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- Tainted Cocaine: A cutting agent found in the majority of cocaine in the US is causing people to develop a painful skin condition called purpura.
Tainted Cocaine Causing Rotting Skin Condition across US
Doctors in San Francisco, LA and Rochester New York are saying that levamisole (an agricultural de-worming agent) tainted cocaine is causing people to show up in hospitals with purplish decaying skin on the face and ears.
The vast majority of cocaine sold at the retail level in America is cut with an agricultural de-worming drug that drug traffickers use to boosts cocaine’s potency and stretch their profits (by 2009, DEA tests revealed 70% contamination).
But while adding agricultural supplies to the powder might make good financial sense to a drug baron, it may not be what the casual user would want, especially since doctors say that it’s causing users to develop a condition called purpura.
Purpura manifests as painful purplish dead and decaying skin, generally around the ears or face. The condition is very uncomfortable and people with purpura are at increased risk of developing peripheral infections.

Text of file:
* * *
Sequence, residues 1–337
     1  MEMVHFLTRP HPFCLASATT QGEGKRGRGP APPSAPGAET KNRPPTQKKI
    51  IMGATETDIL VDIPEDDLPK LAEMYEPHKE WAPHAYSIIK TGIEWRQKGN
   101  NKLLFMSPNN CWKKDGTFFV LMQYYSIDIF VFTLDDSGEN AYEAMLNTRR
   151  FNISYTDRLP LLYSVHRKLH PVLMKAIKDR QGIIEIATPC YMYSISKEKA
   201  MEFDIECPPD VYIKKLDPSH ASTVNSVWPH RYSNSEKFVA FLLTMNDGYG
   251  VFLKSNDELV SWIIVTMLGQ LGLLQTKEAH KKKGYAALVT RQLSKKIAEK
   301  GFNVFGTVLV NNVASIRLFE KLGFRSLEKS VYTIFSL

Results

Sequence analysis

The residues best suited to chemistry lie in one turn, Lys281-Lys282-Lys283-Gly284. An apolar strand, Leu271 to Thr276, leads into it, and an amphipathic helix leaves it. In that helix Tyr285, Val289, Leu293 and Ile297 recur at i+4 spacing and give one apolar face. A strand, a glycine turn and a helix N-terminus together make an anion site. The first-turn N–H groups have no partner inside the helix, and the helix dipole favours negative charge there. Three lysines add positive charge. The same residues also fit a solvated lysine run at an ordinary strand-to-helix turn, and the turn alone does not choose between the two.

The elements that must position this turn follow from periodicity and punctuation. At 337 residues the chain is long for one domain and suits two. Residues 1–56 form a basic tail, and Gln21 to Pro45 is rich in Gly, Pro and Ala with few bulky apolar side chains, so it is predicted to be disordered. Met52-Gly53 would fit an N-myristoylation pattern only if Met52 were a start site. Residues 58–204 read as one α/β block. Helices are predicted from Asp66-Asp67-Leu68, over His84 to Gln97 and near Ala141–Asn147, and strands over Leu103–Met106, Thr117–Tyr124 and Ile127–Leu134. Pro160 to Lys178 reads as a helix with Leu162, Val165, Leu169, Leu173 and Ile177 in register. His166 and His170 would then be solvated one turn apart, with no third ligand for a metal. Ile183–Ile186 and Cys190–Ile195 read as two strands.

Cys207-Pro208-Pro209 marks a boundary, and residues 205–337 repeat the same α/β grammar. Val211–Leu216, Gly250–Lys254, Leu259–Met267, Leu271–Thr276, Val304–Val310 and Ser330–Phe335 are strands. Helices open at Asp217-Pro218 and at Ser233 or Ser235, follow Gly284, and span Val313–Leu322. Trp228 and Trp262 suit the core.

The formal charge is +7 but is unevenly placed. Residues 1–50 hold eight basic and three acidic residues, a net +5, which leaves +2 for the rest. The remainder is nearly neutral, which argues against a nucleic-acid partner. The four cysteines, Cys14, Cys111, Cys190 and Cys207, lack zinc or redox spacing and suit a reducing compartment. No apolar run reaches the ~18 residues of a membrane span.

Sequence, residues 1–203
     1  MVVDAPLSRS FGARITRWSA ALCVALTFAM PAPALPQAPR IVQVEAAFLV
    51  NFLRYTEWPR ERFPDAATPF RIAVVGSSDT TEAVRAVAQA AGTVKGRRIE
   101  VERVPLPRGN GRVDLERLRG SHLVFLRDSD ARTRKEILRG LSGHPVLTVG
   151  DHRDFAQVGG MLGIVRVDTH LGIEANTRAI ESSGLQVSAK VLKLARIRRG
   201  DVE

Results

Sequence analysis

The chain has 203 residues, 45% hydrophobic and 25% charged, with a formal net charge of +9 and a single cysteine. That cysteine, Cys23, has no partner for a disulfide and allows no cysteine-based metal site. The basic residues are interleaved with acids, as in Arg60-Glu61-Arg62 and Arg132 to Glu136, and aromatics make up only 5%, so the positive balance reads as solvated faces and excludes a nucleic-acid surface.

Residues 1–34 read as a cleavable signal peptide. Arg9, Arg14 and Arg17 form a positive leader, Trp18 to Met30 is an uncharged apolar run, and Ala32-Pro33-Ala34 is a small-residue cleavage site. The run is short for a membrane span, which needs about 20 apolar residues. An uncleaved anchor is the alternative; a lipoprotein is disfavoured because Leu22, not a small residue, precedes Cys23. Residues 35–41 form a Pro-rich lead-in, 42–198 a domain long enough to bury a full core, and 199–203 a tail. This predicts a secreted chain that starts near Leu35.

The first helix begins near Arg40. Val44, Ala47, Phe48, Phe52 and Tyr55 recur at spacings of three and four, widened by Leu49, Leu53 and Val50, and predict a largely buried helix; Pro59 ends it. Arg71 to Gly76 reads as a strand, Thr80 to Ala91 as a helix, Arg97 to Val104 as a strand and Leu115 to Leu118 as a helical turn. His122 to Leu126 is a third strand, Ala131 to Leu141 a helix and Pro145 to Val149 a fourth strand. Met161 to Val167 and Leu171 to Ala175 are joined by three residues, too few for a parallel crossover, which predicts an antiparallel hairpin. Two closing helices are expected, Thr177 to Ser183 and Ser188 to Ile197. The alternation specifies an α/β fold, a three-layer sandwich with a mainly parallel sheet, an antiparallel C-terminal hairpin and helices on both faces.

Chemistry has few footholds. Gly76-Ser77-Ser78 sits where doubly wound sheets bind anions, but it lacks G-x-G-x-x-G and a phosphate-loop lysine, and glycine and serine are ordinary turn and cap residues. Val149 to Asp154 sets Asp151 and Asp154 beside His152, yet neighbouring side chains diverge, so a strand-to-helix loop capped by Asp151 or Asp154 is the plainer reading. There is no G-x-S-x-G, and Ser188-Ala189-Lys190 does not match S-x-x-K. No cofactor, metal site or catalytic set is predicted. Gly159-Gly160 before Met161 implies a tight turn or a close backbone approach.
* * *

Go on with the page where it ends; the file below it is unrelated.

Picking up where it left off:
A team of doctors who published a study on the cocaine caused condition say that at first, no one could figure out what was causing the increase of purpura being seen in hospital emergency rooms across the country. It wasn’t until they looked at levamisole as a possible culprit and doctors began testing purpura subjects for cocaine that things started to make a little more sense. Dermatologist and contributing study author Dr. Mary Gail Mercurio explained, saying, "When we first started seeing these patients they all had a similar clinical picture, but they were really an enigma because they weren't falling into any other pattern we'd seen before. When a colleague at the National Institutes of Health mentioned levamisole contamination, we did toxicity screens and lo-and-behold, all the patients came up positive for cocaine. We had our diagnosis."
The study authors say they aren’t sure how levamisole is causing the disorder, but say that purpura is treatable and that the condition goes away with cessation of tainted cocaine use. Overall, however, the medical researchers aren’t so optimistic, warning, "We believe these cases of skin reactions and illnesses linked to contaminated cocaine are just the tip of the iceberg in a looming public health problem posed by levamisole.”